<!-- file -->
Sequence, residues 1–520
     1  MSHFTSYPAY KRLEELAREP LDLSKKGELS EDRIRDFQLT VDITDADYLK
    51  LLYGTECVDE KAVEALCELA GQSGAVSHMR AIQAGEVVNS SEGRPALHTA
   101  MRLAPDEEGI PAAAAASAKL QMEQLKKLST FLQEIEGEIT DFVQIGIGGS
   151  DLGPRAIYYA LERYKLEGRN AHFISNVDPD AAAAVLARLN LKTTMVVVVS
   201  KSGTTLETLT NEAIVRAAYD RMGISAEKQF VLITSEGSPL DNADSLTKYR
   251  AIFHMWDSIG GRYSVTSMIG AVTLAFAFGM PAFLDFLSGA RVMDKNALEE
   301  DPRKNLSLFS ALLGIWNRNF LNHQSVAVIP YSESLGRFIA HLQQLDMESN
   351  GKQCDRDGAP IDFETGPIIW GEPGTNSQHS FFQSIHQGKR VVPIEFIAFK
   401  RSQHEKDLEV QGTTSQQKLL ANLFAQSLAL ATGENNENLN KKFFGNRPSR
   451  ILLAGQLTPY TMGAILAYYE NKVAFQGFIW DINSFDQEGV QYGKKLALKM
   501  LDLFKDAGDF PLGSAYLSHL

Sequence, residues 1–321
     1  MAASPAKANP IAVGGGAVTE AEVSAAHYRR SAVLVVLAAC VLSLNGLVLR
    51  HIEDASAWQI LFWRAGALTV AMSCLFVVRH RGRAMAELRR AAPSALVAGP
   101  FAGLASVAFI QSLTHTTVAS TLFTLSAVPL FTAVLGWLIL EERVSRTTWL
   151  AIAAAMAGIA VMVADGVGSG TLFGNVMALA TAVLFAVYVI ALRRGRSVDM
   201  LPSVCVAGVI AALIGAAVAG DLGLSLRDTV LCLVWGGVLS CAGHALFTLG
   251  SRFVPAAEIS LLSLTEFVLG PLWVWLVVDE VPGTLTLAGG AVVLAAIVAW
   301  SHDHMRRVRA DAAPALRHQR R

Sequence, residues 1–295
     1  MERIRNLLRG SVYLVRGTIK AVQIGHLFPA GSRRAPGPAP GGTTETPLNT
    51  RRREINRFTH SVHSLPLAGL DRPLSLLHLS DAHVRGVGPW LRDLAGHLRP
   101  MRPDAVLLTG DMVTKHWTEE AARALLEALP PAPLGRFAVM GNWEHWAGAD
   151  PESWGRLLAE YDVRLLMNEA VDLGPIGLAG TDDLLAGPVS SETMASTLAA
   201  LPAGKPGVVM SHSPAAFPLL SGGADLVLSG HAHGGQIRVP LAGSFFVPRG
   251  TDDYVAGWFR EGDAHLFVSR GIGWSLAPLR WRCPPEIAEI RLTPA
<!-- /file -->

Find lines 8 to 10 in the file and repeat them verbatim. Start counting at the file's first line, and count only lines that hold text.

   301  DPRKNLSLFS ALLGIWNRNF LNHQSVAVIP YSESLGRFIA HLQQLDMESN
   351  GKQCDRDGAP IDFETGPIIW GEPGTNSQHS FFQSIHQGKR VVPIEFIAFK
   401  RSQHEKDLEV QGTTSQQKLL ANLFAQSLAL ATGENNENLN KKFFGNRPSR